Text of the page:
Eh?

I thought we were all adamant that risk had to be properly priced?

Mortgage lenders must not profit from arrears charges, the Financial Services Authority has decided,

But if someone is in arrears then their loan is more risky (by definition) thus the price charged should rise: precisely because someone is in arrears you should be making a larger profit to cover the higher risk.

Does the FSA know what it\’s doing?

6 comments on “Eh?

  1. Hmmm….

    This is a funny one: the higher price is, obviously likely to compound the problem for the existing lender. By the time you’ve got into arrears, you’re not talking about *risk* – the risk has already happened, so you’re into mitigation of the damage and trying to limit the degree to which the debt goes really really bad. Difference between insurance and assurance sort of thing.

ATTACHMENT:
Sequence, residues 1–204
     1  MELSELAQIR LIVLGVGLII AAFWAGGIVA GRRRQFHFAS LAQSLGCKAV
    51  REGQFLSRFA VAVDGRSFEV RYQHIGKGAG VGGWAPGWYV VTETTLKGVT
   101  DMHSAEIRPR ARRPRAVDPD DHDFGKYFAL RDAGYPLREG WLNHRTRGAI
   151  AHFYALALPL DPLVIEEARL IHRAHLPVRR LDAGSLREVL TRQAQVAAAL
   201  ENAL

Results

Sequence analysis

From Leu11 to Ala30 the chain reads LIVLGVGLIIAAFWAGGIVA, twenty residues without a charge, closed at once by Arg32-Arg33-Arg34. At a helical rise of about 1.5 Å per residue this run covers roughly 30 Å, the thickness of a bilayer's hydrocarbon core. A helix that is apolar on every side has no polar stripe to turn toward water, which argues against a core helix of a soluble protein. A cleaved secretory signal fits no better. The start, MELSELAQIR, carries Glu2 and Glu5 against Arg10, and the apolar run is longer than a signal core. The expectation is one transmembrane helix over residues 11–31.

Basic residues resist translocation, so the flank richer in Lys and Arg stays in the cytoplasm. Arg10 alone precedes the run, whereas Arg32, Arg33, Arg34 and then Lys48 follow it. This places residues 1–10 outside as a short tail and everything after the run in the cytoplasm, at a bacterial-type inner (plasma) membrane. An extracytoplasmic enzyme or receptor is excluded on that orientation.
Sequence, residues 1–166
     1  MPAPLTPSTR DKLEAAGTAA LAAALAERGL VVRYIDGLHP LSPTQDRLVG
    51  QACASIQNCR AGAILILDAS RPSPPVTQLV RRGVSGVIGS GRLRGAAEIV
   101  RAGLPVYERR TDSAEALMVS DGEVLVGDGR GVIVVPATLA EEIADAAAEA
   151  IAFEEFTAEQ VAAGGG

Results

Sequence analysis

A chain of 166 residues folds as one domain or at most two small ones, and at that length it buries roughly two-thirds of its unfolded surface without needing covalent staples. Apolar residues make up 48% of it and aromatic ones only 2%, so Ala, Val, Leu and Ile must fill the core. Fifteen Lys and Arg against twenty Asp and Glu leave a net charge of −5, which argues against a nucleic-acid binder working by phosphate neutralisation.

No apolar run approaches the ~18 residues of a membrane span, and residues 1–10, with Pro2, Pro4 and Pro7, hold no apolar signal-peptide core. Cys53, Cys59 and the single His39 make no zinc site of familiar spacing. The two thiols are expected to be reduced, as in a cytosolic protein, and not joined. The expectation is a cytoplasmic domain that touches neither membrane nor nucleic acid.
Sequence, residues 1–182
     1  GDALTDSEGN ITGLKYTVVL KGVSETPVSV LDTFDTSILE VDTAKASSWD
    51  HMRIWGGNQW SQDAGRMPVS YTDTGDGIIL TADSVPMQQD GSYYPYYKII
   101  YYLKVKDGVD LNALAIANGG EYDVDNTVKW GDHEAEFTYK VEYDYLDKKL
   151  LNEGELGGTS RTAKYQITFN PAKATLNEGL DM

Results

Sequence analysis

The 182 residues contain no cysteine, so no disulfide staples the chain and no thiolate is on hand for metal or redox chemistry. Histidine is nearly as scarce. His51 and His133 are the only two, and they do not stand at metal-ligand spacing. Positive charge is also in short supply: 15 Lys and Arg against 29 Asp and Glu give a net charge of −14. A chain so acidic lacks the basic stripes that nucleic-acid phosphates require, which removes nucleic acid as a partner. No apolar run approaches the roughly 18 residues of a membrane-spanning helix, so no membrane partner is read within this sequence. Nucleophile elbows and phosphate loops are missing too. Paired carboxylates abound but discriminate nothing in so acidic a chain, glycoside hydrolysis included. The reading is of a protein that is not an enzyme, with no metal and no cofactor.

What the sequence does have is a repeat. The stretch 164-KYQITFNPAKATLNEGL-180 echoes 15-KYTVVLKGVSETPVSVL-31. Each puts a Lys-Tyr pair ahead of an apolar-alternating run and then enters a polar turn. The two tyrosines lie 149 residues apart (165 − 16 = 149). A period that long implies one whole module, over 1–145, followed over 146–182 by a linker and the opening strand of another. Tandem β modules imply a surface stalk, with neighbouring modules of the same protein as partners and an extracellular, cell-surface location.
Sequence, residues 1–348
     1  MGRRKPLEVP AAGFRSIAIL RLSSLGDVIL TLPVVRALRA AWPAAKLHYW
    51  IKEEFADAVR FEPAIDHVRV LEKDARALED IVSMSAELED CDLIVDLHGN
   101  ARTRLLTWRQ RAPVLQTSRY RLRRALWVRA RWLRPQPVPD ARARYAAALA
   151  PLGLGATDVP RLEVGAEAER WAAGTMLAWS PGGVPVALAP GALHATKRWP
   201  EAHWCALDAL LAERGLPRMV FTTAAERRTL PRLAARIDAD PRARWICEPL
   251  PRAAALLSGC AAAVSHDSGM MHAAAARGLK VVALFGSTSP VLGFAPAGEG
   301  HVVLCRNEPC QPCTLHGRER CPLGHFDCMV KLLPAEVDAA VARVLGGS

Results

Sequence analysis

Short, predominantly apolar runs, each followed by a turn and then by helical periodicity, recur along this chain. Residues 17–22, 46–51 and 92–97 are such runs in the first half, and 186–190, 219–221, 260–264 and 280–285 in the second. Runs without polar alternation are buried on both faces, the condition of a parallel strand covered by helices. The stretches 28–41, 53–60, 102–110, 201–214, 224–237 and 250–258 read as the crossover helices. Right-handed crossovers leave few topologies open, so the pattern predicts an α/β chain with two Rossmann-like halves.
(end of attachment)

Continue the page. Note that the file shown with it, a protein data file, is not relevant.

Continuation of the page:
However, it IS relevant for any future lenders: the borrower is now in a higher risk category as they have history of failing to meet payments. Any future lender must/ought to be able to take this into account. (though I wouldn’t put it past the morons at the FSA to screw this up too).

  2. If there is no cost to the borrower then you will get more people going into arrears. Can’t get a cheap loan for a new car or need money for a holiday? Solution: skip some mortgage payments.

  3. Answer: The FSA haven’t the slightest idea what they are doing. The only question left about the FSA is whether any of them can find their arse with both hands.

  4. Messrs Deornoth and Miller,

    Actually I think the FSA know full well what it is doing.

    It’s the public who are being kept in the dark about its NuLabour mandated mission – destroying the only productive sector left in the British economy.

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